There are other advantages of static code analysis:
- Full code coverage. Static analyzers check even those code fragments which rarely get executed. These code fragments usually cannot be tested with the help of other methods. It allows you to find defects in exception and error handlers, or in the logging system.
- Static analysis doesn't depend on the used compiler and the environment where the compiled program will be executed. It allows you to find hidden errors which may reveal themselves only a few years after they were created. For instance, undefined behavior errors. Such errors can occur when switching to another compiler version, or when using other code optimization switches. Another interesting example of hidden errors is discussed in the article "Overwriting memory - why?".
- You can easily and quickly detect misprints and the consequences of using Copy-Paste. Detecting these errors with the help of other methods is usually extremely inefficient — a waste of time and effort. It's a pity when you have spent an hour debugging your code, just to find out that the error is in an expression of the "strcmp(A, A)"-kind. People usually don't remember such troubles when discussing typical errors. But practice shows that it takes a lot of time to detect them.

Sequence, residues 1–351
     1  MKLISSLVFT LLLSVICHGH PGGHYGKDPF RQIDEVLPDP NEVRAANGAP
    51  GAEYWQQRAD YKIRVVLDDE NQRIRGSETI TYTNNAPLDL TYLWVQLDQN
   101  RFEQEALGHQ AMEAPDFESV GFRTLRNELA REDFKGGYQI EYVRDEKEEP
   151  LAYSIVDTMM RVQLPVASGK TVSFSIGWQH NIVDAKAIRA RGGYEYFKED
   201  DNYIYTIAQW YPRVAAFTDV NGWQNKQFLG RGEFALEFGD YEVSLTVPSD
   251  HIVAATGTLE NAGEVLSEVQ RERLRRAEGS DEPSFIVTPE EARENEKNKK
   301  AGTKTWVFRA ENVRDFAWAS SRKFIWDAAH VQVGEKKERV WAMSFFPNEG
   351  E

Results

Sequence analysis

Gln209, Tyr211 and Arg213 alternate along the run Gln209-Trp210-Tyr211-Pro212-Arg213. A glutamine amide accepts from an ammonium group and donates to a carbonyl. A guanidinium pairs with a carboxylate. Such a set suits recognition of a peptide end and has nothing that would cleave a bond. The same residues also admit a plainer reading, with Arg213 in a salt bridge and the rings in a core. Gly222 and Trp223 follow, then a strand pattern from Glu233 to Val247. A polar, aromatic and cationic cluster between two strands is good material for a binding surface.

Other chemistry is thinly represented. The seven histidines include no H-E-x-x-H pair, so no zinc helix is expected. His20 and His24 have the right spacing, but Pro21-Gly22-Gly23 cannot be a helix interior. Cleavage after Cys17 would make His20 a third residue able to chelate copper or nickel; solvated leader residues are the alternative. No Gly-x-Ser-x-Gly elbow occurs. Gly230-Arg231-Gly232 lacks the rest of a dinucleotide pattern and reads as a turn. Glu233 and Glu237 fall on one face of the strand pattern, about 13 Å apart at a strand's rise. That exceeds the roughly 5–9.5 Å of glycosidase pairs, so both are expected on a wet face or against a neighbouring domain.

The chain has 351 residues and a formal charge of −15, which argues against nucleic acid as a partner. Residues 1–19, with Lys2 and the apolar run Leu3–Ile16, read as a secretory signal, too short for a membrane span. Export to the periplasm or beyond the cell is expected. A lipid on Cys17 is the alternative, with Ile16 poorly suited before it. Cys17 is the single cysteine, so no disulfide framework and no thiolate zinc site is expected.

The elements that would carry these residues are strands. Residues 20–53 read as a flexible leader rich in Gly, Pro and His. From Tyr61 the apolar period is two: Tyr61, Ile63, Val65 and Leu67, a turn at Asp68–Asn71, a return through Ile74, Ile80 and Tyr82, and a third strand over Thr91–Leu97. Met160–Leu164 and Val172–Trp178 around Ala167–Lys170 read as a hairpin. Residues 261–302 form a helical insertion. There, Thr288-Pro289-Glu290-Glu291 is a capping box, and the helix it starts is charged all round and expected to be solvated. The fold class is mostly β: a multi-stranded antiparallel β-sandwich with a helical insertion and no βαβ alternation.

Static Code Analysis Disadvantages
- Static analysis is usually bad at finding memory leaks and concurrency errors. In order to detect such errors, you actually need to execute a part of the program virtually. This is extremely difficult to implement. Such algorithms take too much memory and processor time. Static analyzers usually limit themselves to find simple cases. A more efficient way to detect memory leaks and concurrency errors is to use dynamic analysis tools.
- A static analysis tool warns you about odd fragments. This means that the code can actually be quite correct. These are so-called 'false positive' reports. Only a programmer can understand whether the analyzer points to a real error, or it is just a false positive. Reviewing false positives takes work time and weakens attention to those code fragments which really do contain errors.
Errors detected by static analyzers are rather diverse. For example, here is the list of diagnostics implemented in the PVS-Studio tool. Some analyzers focus on a certain area, or certain types of defects. Others support certain coding standards, such as MISRA-C:1998, MISRA-C:2004, Sutter-Alexandrescu Rules, Meyers-Klaus Rules, etc.